For me, this exhibition on the Pre-Raphaelites is the BEST thing to go and see this autumn. It’s because I love the style, but it’s a great collection of paintings and if you are a fashion girl I do feel it is one NOT to miss.
Not only are the paintings full of exquisite, almost photographic representations of sumptuous fabrics, textiles, colours, nature and interior decorations of the Victorian period, but they are so full of drama and passion. The Pre-Raphs loved a bit of drama, they were radical, worthy chaps (the Pre-Raph brotherhood only allowed men into the ranks) with flowing curly locks and double barrelled names that were forever falling in and out of love with each others wives and girlfriends. Their love of a good story comes across in the art, with lots of strong narrative behind each painting.
But what struck me this time was the real love they all had of strong colour, textiles and jewellery. Coral necklaces were a favourite, it seems to go so well with all that flowing hair.
And then the jewellery, lots of cabochon cut gems such as amethyst and emeralds and fabulous hair brooches.
The exciting addition to this exhibition is the textiles and pottery associated with the group, mostly made by William Morris. The stunning carved bed from Kelmscott Manor -where Morris once lived, is here with its beautiful hand embroidered coverlet, I would have come from a long way away just to see this. The women in the Pre-Raph movement were big embroiderers, Jane Morris, William’s wife and May, his daughter were responsible for building Morris & Co’s reputation as a centre of excellence for embroideries and tapestries.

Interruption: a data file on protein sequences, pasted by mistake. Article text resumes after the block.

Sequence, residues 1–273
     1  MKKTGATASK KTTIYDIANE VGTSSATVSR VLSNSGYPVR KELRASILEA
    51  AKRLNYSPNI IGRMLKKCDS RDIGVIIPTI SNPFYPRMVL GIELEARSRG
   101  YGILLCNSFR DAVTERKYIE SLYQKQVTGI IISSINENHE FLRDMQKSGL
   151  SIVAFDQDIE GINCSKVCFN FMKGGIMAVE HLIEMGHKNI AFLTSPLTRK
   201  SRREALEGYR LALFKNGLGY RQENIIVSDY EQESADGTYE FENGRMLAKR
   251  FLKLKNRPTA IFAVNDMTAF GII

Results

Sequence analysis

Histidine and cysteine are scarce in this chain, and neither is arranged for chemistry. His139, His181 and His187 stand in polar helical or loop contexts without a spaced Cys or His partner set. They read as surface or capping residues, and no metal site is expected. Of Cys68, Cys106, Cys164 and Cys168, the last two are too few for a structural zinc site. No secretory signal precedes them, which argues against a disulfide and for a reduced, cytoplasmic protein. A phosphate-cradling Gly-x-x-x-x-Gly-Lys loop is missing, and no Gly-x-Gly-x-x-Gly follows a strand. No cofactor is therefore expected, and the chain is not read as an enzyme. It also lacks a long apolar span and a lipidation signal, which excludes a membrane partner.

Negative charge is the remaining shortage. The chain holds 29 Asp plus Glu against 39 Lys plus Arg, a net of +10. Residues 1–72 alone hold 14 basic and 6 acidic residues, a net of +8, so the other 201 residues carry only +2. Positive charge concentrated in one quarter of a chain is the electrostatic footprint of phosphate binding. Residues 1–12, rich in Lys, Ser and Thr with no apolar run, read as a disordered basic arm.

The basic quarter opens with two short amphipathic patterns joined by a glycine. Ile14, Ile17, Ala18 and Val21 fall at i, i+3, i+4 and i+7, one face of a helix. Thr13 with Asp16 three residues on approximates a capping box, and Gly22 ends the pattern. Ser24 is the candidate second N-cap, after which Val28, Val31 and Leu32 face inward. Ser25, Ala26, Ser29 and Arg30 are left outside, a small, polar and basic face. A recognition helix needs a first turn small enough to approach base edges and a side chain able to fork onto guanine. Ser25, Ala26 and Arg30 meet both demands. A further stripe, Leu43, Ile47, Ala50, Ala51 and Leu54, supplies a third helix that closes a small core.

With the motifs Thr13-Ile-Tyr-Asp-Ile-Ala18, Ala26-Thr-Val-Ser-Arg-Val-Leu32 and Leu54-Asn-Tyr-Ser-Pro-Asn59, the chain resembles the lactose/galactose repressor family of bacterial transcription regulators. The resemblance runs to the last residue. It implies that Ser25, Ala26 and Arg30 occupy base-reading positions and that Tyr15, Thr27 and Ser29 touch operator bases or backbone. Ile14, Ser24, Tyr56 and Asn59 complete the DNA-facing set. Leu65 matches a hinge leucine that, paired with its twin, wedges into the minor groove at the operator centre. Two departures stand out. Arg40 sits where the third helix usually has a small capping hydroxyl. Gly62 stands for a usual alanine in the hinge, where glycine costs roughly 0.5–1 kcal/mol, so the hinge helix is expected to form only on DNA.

Jimmy Page, of Led Zeppelin fame, owns this tapestry below, it’s one of two he lent to the show. If you go watch out for the beautiful detailed flowers at the bottom, they are magically worked stitches of botanic perfection.
And then there’s the interior and textile detail. The fabrics in these painting below just glow with intensity.
The colours are also really sensational, the Pre Raph’s use of colour caused a bit of a panic amongst the art establishment of the day, with some people referring to the strong bright shades as ‘garish’. I just love them, they are so rich and jewel like.
This painting detail below, from The Last of England by Ford Madox Brown with the fuchsia scarf billowing out from the oatmeal cape, and that little glimpse of peony satin and jade green from her dress tucked underneath, has got me all excited about winter clothes colours.
There are lots of Fortuny style dresses and mythical story telling in the last room of the exhibition, with some stunning Edward Burne-Jones paintings, The room is busy with knights heading off on romantic quests and gorgeous girls languishing in crumpled silk. It’s enough to set the heart a-flutter.
The Pre-Raphaelites, Victorian Avant-Garde is on at Tate Britain until 15th Jan 2013. Website here